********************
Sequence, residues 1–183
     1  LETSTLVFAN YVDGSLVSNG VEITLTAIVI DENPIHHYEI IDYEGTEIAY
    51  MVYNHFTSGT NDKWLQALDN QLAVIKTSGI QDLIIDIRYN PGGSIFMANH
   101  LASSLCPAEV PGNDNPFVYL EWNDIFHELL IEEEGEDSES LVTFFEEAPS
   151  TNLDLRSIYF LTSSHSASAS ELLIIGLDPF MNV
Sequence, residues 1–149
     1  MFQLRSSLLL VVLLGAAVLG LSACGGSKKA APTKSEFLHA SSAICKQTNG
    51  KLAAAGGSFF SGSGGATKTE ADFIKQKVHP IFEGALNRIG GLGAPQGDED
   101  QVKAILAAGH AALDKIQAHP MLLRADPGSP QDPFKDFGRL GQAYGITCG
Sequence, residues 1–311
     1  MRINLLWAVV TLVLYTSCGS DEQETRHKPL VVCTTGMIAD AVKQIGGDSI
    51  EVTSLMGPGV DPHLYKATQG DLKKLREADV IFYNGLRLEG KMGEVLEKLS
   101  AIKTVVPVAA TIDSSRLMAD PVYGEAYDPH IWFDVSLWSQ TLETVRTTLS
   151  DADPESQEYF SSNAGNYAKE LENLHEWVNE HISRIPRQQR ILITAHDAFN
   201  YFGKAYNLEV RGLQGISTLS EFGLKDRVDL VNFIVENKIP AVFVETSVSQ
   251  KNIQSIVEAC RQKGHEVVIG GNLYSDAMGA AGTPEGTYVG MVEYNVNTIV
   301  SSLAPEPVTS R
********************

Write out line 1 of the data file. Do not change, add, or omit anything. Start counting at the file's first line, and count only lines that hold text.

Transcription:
Sequence, residues 1–183